Acner.org: Acne treatment

Acner.org: Acne treatment

Skin Treatments for Acne

Skin Treatments for Acne Skin Treatments for Acne

Acne is a skin condition characterized by the development of bumps or lesions. Acne generally develops on the face, but can show up on other areas of the body as well. The Mayo Clinic indicates that hormones usually play a role in the development of acne, and therefore teens and women undergoing hormonal changes experience acne the most. Acne can be annoying and/or embarrassing, and there are a number of treatments available to treat it.

Acne Lotion

Acne sufferers can purchase an over-the-counter acne lotion for the treatment of a mild form of acne. Acne lotions are designed to dry up excess oil, kill any bacteria that may be causing the acne and promote the removal of dead skin cells. Patients should opt for an acne lotion that contains one of the following substances as an active ingredient: benzoyl peroxide, lactic acid, resorcinol, salicylic acid and sulfur. Some patients experience dryness, flaking and skin irritation as side effects. These side effects typically clear up after one month of consistent treatment.

Prescription Topical Treatment

Patients with moderate to severe cases of acne can see a dermatologist for a prescription for a topical acne lotion. These lotions are designed to keep hair follicles clear, promote cell turnover and kill any bacteria that could be contributing to the acne. Commonly prescribed topical lotions include adapalene, sold as Differin; tretinoin, sold as Avita, Retin-A and Renova; and tazarotene, sold as Tazorac or Avage. These products all contain vitamin A or a vitamin A derivative as the active ingredient. Prescription acne lotions may cause side effects such as burning, peeling, redness and stinging. It is important for patients to report these side effects to their doctor to receive recommendations on how to adjust the application of the medication or receive a prescription for a different medication that causes fewer side effects.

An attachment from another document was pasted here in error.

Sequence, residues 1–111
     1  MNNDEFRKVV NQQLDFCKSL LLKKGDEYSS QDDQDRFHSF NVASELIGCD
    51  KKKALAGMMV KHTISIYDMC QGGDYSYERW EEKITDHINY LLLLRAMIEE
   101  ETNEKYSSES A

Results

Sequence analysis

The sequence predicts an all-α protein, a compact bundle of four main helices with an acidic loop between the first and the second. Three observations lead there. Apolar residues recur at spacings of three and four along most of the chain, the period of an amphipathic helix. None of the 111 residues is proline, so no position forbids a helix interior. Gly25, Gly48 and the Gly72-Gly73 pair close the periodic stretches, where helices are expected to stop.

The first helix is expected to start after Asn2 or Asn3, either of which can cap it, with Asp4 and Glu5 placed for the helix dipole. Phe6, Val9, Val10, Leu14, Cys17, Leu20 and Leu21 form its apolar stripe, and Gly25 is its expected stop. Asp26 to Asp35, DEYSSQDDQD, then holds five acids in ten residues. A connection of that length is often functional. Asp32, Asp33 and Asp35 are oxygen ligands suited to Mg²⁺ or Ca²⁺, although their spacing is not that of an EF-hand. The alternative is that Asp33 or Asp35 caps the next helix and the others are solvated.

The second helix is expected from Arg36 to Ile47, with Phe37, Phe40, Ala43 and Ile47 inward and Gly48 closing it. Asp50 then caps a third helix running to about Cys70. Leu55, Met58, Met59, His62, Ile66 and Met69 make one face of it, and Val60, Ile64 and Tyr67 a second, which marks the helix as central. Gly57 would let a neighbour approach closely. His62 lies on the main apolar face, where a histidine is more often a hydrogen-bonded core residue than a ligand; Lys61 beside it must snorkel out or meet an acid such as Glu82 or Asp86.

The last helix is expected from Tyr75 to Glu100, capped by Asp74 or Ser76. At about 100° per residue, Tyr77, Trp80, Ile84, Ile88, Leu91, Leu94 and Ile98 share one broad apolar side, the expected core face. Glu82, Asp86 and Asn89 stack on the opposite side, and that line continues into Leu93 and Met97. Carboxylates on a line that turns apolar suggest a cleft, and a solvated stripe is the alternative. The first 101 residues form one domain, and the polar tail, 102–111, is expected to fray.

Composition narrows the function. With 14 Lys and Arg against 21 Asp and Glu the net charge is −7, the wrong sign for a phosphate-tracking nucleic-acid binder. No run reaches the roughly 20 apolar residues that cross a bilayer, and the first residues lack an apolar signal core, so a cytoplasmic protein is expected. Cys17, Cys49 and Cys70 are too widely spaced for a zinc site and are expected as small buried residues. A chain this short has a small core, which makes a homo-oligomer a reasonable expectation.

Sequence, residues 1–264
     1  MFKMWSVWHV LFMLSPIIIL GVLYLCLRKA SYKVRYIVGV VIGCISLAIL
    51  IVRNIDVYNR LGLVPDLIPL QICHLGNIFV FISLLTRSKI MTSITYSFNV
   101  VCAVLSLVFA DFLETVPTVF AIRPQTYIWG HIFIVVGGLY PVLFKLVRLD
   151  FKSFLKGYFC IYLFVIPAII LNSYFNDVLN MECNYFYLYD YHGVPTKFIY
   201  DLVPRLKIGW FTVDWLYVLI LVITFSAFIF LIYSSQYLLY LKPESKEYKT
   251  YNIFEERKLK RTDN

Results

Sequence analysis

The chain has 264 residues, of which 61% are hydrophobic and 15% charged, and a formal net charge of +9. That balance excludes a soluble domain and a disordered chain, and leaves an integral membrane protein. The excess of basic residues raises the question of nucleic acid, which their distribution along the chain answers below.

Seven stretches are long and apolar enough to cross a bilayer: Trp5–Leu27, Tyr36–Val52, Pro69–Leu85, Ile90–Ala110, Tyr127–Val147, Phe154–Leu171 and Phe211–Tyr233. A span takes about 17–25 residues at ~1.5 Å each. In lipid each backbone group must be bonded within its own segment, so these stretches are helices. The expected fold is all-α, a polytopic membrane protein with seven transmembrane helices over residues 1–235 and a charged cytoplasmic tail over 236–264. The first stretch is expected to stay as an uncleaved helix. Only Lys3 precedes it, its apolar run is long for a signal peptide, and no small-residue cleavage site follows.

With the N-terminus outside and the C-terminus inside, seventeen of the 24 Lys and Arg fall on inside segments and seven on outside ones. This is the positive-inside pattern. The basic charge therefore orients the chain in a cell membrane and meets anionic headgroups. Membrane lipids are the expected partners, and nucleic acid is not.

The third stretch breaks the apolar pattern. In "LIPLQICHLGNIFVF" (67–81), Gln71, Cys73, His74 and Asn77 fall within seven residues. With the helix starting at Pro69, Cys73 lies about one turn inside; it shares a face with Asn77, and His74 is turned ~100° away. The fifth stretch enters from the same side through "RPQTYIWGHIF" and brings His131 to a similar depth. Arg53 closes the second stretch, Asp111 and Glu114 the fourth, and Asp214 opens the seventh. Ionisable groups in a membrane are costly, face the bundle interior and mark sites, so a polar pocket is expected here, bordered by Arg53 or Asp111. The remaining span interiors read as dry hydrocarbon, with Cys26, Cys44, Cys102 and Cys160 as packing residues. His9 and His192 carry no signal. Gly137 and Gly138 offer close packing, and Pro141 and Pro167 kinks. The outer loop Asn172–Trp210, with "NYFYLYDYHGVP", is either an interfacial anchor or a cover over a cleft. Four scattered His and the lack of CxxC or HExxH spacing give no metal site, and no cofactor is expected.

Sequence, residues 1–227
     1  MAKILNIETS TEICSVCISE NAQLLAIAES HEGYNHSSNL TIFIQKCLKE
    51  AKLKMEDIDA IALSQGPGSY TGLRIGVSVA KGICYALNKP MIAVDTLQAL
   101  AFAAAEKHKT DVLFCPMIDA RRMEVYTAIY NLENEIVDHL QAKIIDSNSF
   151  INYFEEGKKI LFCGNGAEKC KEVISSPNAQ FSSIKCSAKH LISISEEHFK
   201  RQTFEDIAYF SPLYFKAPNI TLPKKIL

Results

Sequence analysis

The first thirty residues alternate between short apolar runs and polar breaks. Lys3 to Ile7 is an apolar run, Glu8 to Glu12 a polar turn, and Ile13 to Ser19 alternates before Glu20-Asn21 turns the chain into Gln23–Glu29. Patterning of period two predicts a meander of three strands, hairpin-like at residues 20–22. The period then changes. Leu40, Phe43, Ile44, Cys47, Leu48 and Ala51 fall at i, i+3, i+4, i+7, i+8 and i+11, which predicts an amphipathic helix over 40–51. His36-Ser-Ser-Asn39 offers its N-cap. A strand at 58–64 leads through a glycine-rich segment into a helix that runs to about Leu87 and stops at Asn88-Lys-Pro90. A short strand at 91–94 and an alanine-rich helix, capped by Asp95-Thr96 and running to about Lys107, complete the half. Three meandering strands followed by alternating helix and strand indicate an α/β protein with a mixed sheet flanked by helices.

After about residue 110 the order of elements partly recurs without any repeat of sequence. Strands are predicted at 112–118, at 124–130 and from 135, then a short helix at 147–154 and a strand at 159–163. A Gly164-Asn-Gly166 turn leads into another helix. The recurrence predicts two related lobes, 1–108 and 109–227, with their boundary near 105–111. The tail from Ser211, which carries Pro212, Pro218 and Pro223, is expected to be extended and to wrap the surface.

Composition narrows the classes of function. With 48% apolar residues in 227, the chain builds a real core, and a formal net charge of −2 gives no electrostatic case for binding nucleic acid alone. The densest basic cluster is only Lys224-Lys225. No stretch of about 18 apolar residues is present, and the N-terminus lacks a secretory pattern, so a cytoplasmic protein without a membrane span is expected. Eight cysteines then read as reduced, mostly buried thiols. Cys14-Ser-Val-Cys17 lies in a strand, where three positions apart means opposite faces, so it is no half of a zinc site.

Antibiotics

Antibiotics can be prescribed in the form of a pill to take orally or as a topical form that is applied directly to the skin. Some patients may have a resistance to oral antibiotics because of their overuse. Oral antibiotics are typically used as a supplement to a topical medication. Commonly prescribed oral antibiotics include amoxicillin, doxycycline, erythromycin, minocycline and tetracycline. Topical antibiotics include clindamycin, dapsone and erythromycin.

Oral Contraceptives

The Mayo Clinic advises that oral contraceptives may help to improve acne in women. Oral contraceptives that are recommended to treat acne include norgestimate and ethinyl estrodiol. Ortho-Cyclen and Ortho Tri-Cyclen are two commonly available brands that contain this combination. Oral contraceptives may cause side effects such as breast tenderness, depression, headaches and nausea.

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